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The A to Z of mathematics a basic guide - Sidebotham T.H.

Sidebotham T.H. The A to Z of mathematics a basic guide - Wiley publishing , 2002. - 489 p.
ISBN 0-471-15045-2
Download (direct link): theatozofmath2002.pdf
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References: Finite, Line, Line Segment.
INFINITE DECIMALS
These are decimals that have no end to the number of decimal places. There are two kinds of infinite decimals:
1. Recurring decimals, like | = 0.33333333..., which goes on forever. We usually exclude decimals with recurring zeros, because they are regarded as terminating decimals. For example, 0.3 could be written as 0.300000000..., but it is not normally regarded as a recurring decimal.
2. Irrational numbers, like it = 3.14159265..., which go on forever, but there is no recurring pattern to the numbers.
References: Decimal, Finite Decimals, Irrational Numbers, Pi, Recurring Decimal. INFINITY
This is the name given to a value that is infinite, too large to be counted, and cannot be calculated. The symbol for infinity is oo.
References: Infinite.
INFLECTION, POINT OF
Reference: Concave.
INRADIUS
Reference: Incircle.
INSCRIBE
References: Circumscribe, Incenter.
254 INTEGERS
INSTALLMENT
Reference: Hire Purchase.
INTEGERS
The following numbers are explained under this entry:
♦ Natural numbers
♦ Whole numbers
♦ Integers
♦ Rational numbers
♦ Irrational numbers
♦ Real numbers
Natural Numbers The symbol for the natural numbers is N. Another name for them is counting numbers. N is an infinite set of numbers; some of them are listed here:
N = {1,2, 3, 4, 5,...}
For example, natural numbers are used to count the chapters in a book. There is not a zero chapter.
Whole Numbers The symbol for the whole numbers is W. This set is exactly the same as N, except that it includes zero. W is an infinite set of numbers; some of them are listed here:
W = {0, 1, 2, 3, 4, 5,...}
For example, suppose you were recording the number of people in a room. There could be one, two, three, and so on, but there could also be no people in the room. Whole numbers would be required for this situation.
Integers The symbol for the integers is Z or i. It is an infinite set of numbers; some of them are listed here:
! = {•••, —3, —2, —1, 0, 1,2, 3,...}
These numbers can be described as positive and negative whole numbers, and are sometimes called directed numbers. For each positive number there is an equal and opposite negative number. In real life, directed numbers are used to show that some quantities can fall below zero. A temperature of 10 degrees below zero is written as —10 degrees, and a temperature of 5 degrees above zero is written as +5 degrees, or more simply as 5 degrees.
INTEGERS 255
Rational Numbers The symbol for the rational numbers is Q, from the word quotient, which means the result of dividing one number by another. A rational number can be expressed as a quotient of two integers, with the denominator not zero. Q is an infinite set of numbers. In addition to containing all the integers, it also includes all the positive and negative fractions. Some examples of rational numbers are listed here:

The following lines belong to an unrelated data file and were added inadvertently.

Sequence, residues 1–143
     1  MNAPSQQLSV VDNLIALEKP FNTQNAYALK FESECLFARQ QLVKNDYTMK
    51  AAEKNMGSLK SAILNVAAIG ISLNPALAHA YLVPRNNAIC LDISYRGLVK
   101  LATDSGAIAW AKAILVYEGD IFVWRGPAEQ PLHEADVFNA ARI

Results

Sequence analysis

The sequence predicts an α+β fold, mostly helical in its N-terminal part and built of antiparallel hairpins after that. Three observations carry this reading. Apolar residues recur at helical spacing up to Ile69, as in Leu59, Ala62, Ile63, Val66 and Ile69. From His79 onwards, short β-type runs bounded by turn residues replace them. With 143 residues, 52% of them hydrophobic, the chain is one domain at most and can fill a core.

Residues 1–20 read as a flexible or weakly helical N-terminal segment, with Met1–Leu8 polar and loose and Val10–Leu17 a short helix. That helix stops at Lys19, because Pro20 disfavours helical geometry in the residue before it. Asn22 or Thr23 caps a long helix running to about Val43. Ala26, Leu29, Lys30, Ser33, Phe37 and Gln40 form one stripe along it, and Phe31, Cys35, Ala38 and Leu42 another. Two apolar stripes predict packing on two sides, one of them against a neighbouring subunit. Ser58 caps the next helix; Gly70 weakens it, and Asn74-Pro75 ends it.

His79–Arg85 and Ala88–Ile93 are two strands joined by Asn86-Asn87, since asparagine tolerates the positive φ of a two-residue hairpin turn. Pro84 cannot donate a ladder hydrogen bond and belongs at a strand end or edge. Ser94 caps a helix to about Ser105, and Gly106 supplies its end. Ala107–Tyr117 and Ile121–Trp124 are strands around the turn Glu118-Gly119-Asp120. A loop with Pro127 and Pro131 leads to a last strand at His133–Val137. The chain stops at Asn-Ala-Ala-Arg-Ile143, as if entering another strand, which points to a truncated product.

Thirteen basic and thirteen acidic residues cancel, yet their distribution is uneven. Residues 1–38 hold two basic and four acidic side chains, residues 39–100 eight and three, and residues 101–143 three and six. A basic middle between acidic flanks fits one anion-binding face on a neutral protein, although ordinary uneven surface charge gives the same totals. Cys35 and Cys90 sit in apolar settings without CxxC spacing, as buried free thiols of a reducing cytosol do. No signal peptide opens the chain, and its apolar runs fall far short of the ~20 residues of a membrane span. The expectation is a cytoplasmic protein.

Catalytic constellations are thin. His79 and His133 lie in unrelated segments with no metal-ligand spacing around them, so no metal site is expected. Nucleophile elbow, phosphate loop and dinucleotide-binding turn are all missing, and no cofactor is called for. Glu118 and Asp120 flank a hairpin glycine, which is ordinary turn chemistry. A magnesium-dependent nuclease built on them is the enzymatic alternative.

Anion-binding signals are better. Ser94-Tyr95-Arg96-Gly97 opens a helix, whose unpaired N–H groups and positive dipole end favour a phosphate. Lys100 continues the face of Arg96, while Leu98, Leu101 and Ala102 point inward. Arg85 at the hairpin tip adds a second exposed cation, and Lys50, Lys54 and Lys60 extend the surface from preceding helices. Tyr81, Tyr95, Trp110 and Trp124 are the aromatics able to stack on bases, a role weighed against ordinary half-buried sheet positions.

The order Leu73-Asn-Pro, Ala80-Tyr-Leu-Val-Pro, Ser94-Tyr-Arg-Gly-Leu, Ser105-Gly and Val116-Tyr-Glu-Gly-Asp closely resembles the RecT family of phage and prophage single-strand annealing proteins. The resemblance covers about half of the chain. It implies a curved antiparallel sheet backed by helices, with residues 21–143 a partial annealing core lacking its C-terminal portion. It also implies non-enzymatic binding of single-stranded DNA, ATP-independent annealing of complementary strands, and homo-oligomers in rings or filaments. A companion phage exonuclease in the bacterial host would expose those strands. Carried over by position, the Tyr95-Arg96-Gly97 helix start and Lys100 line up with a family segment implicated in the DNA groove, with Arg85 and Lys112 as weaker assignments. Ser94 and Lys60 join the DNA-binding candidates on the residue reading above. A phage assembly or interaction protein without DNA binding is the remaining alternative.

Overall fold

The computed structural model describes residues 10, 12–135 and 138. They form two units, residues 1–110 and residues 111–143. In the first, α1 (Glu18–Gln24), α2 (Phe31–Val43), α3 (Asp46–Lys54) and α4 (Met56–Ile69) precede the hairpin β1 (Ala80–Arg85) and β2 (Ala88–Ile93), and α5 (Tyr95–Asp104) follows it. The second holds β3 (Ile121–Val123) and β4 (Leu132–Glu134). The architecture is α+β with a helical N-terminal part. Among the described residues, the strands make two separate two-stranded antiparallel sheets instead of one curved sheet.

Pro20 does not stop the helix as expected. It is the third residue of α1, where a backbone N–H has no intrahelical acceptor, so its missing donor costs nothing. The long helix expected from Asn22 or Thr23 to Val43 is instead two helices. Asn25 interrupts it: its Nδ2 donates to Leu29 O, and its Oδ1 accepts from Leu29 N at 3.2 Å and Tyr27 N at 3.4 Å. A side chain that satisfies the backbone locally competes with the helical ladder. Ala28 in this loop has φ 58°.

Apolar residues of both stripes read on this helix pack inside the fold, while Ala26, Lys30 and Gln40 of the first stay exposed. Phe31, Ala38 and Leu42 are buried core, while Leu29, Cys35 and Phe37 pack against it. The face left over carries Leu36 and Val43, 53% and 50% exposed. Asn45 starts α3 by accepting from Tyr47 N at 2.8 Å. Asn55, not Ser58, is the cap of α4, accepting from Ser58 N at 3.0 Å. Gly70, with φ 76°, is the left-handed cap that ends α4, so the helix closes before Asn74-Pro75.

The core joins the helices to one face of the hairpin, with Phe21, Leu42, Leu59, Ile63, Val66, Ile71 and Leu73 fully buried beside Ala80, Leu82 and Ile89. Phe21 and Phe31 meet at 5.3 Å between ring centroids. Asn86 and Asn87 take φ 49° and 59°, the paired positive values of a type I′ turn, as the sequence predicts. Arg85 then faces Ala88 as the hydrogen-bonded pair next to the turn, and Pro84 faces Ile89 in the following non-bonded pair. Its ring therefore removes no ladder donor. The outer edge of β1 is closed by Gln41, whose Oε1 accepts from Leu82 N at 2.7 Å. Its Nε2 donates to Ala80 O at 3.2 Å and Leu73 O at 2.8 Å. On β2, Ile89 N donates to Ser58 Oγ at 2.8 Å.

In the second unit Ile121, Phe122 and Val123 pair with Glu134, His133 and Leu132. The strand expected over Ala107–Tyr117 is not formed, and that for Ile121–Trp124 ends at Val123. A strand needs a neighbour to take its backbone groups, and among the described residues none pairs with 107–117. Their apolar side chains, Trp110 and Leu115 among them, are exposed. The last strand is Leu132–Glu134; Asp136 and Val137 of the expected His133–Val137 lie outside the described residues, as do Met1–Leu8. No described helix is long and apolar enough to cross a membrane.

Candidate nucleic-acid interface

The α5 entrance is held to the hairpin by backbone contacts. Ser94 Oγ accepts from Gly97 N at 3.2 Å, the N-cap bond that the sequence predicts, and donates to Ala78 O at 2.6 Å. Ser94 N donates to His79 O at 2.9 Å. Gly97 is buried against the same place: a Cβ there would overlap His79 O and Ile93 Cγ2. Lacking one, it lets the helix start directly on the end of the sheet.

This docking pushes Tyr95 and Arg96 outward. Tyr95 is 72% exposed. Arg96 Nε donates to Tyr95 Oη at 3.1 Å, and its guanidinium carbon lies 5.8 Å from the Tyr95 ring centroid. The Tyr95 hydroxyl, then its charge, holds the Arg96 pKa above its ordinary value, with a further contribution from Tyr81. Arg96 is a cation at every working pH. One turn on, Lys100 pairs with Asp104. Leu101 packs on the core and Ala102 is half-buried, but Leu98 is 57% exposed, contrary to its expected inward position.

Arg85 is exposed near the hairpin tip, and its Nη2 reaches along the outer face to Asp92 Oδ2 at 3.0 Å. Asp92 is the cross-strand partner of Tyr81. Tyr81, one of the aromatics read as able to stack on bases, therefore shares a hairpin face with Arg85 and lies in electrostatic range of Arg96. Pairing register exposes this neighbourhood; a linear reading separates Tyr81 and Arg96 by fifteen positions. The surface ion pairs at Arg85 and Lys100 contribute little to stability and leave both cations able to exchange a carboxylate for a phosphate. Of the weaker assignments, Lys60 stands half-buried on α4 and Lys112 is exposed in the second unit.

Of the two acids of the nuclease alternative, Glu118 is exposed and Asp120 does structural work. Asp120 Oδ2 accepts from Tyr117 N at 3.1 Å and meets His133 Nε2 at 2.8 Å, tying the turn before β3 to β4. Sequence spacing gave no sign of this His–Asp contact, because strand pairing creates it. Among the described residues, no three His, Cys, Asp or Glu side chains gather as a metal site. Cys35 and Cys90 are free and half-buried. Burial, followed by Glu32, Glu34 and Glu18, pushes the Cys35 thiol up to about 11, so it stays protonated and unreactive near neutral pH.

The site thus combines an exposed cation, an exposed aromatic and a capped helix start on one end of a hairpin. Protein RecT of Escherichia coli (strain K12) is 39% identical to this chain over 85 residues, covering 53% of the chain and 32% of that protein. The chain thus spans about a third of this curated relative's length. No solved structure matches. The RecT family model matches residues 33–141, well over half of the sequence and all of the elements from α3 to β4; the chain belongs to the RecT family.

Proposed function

Q = {...,-4, If,-2,-2, 0, 1, 2, 3, i, 100,...)
It is William’s birthday and he has three cakes. He is cutting up the cakes into 20 equal pieces, so each piece is 3/20 of the total number of cakes. This is an example where rational numbers are needed.
Irrational Numbers The symbol for the irrational numbers is Q;, which means the complement of Q, and is all those numbers that are not rational numbers, but are real numbers. Some examples of this infinite set of irrational numbers are listed here:
{.%, and surds like-v/2, V7, VlO, V34}
For example, if the two equal sides of a right-angled isosceles triangle are of length 1 unit then the hypotenuse is of length -s/2 units. This is an irrational number.
Real Numbers The symbol for the real numbers is R; this is an infinite set of numbers. This is the family name given to all the numbers, both rational and irrational. The family members of real numbers are related to each other in the following way: The natural numbers are a subset of the whole numbers. The whole numbers are a subset of the integers. The integers are a subset of the rational numbers. The rational and irrational numbers are both subsets of the real numbers. This information is put neatly in the number tree drawn here in figure a.
Real numbers (R)
Irrational (Q') Rational (Q)
Integers (I)
Whole (W)
Natural (N)
(a)
The rules for adding, subtracting, multiplying, and dividing integers are now explained.
256 INTEGERS
Add ing Two I nteg ers Counting “steps” on a number line may used to add integers. If the integer is positive, we count steps to the right, and if it is negative, we count steps to the left.
Example. Work out the answer to ~3 + +2.
M 1 1 1 1 1 1 1 »
-3-2-10123
(b)
Solution. Draw a number line (see figure b), or imagine one in your head. Always start at zero and take 3 steps to the left, to represent “3. Then turn and take 2 steps to the right, to represent +2. Where you end up is the answer, which is _ 1:
“3 + +2 = “I
Subtracting Two Integers We can transform the problem from a subtraction into an addition problem by “adding the opposite integer,” then doing the addition in the usual way.
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